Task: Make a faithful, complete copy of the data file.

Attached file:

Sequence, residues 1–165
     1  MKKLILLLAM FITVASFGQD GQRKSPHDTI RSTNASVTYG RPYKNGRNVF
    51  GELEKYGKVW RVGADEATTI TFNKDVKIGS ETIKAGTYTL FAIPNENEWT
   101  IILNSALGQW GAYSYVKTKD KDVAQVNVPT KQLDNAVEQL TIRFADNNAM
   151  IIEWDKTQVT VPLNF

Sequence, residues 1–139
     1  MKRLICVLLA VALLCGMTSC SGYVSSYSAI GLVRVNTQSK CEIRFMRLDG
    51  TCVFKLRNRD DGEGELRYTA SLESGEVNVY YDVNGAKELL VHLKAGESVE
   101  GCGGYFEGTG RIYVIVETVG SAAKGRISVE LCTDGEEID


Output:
Sequence, residues 1–165
     1  MKKLILLLAM FITVASFGQD GQRKSPHDTI RSTNASVTYG RPYKNGRNVF
    51  GELEKYGKVW RVGADEATTI TFNKDVKIGS ETIKAGTYTL FAIPNENEWT
   101  IILNSALGQW GAYSYVKTKD KDVAQVNVPT KQLDNAVEQL TIRFADNNAM
   151  IIEWDKTQVT VPLNF

Sequence, residues 1–139
     1  MKRLICVLLA VALLCGMTSC SGYVSSYSAI GLVRVNTQSK CEIRFMRLDG
    51  TCVFKLRNRD DGEGELRYTA SLESGEVNVY YDVNGAKELL VHLKAGESVE
   101  GCGGYFEGTG RIYVIVETVG SAAKGRISVE LCTDGEEID